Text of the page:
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Chapter 17. Silly Boss Behaviors—Specifi... > The Unreasonable-Demands Boss - Pg. 183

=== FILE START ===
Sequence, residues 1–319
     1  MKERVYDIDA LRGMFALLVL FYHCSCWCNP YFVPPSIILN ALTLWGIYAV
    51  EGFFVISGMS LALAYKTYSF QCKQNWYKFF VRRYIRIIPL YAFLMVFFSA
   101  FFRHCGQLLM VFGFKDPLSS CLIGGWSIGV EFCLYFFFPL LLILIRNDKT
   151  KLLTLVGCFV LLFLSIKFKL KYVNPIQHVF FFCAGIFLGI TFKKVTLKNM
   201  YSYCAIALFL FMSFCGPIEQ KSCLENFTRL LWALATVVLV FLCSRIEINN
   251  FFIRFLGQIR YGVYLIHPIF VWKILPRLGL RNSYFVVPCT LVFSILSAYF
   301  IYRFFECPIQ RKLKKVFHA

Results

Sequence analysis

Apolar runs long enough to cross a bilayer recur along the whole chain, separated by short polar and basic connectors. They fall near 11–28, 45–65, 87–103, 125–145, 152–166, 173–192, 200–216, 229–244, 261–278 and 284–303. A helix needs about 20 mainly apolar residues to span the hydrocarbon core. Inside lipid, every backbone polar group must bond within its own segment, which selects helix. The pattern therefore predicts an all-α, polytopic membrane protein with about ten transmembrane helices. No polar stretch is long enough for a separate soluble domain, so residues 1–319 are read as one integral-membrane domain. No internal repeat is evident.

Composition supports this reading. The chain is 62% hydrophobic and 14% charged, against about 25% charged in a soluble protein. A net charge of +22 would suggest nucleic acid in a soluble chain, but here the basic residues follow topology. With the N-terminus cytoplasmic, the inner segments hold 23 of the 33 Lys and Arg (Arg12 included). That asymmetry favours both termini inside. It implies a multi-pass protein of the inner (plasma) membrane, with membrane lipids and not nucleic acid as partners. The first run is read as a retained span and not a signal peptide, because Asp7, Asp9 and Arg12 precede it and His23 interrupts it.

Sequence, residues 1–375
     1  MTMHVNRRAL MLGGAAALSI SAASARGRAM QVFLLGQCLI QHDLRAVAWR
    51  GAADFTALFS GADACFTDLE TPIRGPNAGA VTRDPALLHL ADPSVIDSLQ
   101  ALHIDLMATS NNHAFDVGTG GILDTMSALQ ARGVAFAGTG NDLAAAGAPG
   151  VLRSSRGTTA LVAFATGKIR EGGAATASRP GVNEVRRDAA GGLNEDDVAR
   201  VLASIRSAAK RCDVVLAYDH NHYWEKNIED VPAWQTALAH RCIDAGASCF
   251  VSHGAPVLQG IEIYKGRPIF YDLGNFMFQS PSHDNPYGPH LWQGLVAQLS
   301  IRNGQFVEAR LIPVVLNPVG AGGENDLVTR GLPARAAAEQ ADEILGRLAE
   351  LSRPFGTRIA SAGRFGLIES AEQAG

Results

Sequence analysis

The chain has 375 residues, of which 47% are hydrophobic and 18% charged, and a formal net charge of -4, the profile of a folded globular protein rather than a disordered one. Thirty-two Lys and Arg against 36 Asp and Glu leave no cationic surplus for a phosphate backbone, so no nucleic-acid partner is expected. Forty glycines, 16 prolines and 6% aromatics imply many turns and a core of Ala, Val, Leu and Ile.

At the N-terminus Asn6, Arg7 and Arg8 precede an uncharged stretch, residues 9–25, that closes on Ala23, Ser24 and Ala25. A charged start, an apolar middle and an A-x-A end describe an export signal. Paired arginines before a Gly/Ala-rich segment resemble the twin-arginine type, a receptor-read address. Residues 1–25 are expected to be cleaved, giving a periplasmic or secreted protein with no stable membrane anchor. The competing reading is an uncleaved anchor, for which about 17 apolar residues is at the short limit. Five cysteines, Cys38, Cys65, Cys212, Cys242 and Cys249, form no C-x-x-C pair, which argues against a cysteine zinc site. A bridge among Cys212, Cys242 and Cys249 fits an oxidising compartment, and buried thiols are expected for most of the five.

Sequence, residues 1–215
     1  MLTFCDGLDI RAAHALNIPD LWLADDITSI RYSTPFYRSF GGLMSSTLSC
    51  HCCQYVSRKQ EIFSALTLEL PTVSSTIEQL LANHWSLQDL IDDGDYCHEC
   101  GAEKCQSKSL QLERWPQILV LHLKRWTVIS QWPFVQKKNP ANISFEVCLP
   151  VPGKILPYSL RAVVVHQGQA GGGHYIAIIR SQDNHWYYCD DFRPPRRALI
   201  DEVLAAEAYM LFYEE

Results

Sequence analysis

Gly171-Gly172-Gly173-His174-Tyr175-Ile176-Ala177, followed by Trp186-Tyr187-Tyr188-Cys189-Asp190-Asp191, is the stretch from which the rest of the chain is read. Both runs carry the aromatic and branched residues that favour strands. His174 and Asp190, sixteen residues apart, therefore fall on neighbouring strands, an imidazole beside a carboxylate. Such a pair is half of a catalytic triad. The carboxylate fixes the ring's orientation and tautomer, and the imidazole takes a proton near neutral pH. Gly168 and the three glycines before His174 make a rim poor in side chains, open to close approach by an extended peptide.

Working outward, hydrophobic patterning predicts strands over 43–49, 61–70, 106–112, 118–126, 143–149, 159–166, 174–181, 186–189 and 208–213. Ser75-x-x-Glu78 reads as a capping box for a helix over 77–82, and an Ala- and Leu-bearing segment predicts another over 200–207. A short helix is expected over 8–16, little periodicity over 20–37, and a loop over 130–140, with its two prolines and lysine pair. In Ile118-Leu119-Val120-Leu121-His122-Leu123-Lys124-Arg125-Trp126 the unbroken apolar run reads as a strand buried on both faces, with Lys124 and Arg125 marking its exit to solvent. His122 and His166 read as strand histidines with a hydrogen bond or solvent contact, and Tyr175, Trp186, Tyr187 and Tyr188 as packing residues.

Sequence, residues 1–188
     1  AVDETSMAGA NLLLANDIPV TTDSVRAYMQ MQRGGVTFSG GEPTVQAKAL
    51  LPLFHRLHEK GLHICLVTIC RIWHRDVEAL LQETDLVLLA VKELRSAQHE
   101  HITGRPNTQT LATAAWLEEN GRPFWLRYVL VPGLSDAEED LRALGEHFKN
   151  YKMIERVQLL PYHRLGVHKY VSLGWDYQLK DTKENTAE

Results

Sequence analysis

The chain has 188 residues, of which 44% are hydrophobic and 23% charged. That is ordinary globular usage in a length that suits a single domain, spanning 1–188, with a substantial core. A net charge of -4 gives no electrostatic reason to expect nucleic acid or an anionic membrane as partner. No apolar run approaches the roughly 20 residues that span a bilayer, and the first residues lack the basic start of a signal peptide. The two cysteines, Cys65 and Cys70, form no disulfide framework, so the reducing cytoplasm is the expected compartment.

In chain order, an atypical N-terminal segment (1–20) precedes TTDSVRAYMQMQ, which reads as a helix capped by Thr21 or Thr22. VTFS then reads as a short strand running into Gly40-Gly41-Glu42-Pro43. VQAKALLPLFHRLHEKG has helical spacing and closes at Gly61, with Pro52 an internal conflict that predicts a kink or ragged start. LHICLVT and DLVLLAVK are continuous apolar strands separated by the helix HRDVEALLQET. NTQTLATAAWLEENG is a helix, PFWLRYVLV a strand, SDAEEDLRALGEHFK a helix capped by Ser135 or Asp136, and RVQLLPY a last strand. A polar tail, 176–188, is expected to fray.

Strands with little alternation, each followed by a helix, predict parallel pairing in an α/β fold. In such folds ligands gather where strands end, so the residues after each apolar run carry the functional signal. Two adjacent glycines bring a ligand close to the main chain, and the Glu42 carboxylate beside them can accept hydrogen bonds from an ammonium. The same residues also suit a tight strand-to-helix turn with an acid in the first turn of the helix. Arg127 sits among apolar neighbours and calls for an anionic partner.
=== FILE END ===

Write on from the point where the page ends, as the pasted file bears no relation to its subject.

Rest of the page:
Silly Boss Behaviors--Specific Situations 183 There's an indirect approach that takes the focus away from how Bob behaves and aims attention at how the work gets done. Here's what you do. Sit down by yourself and figure out what you might need to reduce unnecessary work caused by Bob's bad habits. Let's say you come up with the following list: · · · · Greater advance warning of work Fewer surprises More regular (but brief) communication between the two of you Clear, stable priorities Then work out a plan that includes Bob as an actor. Lay out a better way of processing work, setting priorities, and improving work planning. Perhaps that plan might include you (a good planner) being more active in the work process. Or it might involve more regular meetings. Then you pitch it to Bob. The Pitch Again, we come down to a pitch. You have a plan that benefits you, your team, and Bob. You have to convince Bob that it is in his interest to change his behavior or allow you to help him out. It's back to that sales thing. Figure out the benefits to him, from his point of view, and tout the idea as a solution to his problems. For the demanding, frenetic boss, it could be the bottom line, less work, less fuss, more efficiency, less stress, or more time to play golf (just kidding). Then you pitch it. Here's an example: "Bob, I know we're all under the gun here and feel overwhelmed, including you. I've been thinking about how we might reduce some of the load by becoming more efficient. Can I tell you about